A few weeks ago, Bob and I participated in an Improv for Presenters workshop. I was surprised how much I learned about myself as it pertains to marriage and control.
The instructors presented us with various games and scenarios. We were supposed to completely let go and roll with whatever situation was given to us. The idea was for your partner in the exercise to help you. Your goal was to make each other look good. We were not supposed to try to retain control—but control was exactly what I could not bring myself to let go of.
The instructor began setting up the next scene:
“What’s the situation?
I called out quickly and loudly: “Going to buy a Halloween costume.”
I wanted to beat everyone else to the punch. You know why? Because I already had half the plot outlined in my head. If I had to start us off, I already knew what my character would look and sound like. I knew her opening lines. And, if I knew in advance what I would do, I would still be in control.
It reminded me of when Bob and I were taking ballroom dance lessons. I could replicate a routine the teacher had taught us. What I couldn’t do was truly follow. I heard it again and again: “Just relax and follow me.” But following meant giving up control.
And yet, isn’t giving up control exactly what God asks us to do—and in our marriage—in our relationship with Him? But we’re not sure what will happen if we give up control. We may not like it. We at least know we may not like the coming surprise. So we clench our fists and hold on because we’re pretty sure we know best. We can trust ourselves, right? That’s obviously a bad assumption when it comes to God. But even in our marriage—I can’t even imagine being married to someone who thinks they are right all the time. Ewwww.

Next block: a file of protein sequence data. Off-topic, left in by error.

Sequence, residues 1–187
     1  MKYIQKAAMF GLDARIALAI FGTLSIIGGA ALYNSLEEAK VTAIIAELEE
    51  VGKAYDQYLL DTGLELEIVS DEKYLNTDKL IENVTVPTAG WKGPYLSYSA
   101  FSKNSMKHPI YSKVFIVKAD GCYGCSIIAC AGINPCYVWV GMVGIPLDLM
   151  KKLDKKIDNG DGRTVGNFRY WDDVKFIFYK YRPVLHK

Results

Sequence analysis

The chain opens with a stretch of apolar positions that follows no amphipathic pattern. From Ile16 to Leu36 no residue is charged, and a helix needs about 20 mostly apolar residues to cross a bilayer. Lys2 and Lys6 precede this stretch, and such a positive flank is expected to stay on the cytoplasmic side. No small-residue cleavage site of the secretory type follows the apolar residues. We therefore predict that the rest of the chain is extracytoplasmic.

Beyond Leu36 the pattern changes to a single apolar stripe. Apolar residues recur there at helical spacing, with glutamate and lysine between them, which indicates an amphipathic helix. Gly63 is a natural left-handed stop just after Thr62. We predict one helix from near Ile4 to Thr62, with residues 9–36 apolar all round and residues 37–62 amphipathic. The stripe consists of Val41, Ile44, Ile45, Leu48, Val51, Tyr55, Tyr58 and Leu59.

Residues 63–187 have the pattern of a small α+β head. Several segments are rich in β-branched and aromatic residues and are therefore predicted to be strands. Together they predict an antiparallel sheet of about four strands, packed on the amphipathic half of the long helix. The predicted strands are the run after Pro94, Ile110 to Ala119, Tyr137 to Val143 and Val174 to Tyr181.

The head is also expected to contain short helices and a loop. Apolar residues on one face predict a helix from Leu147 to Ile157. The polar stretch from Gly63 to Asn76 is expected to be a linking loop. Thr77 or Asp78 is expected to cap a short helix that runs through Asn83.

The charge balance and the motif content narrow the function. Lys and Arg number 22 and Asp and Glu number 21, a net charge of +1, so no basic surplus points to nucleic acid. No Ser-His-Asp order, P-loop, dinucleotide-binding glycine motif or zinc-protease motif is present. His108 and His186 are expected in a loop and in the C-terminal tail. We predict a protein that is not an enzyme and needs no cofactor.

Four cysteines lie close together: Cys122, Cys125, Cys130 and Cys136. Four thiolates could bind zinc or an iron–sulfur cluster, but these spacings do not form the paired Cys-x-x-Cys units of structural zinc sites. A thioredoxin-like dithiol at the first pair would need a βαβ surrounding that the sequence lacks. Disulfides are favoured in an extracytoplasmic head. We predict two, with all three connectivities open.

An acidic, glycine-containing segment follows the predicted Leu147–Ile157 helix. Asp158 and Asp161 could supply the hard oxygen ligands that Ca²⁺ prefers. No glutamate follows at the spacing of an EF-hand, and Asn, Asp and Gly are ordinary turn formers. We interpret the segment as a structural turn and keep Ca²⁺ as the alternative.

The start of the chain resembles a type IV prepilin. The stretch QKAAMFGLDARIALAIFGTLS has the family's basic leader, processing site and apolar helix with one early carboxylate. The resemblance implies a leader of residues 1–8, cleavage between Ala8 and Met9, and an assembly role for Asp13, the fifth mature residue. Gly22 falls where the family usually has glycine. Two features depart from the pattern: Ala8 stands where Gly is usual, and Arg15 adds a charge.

In the last hour of the improv class, I confessed that I had been struggling the whole time with control and that I had been planning my course beforehand in clear violation of the guidelines. The teacher immediately announced that we were doing another round of the last game. He started us off and pulled me in. Each time I rotated out, he’d tap me back in again. I was quickly running out of ideas. Finally, Bob rotated in. He had not been my partner the whole class. For the first time all weekend, I relaxed and followed my partner’s lead. Maybe it was because I knew I could trust him. I knew he would help me. I knew he would try to make me look good. And it turned out fine. Nothing went wrong.
Isn’t that what we’re supposed to do for our spouse in marriage?
“Heavenly Father, help me to get over this foolish idea that I know better than my partner, my spouse. Humble my heart. When I am nervous about trusting my partner, help me to trust You because you are 100% trustworthy and always have my best interest in mind. Amen.”
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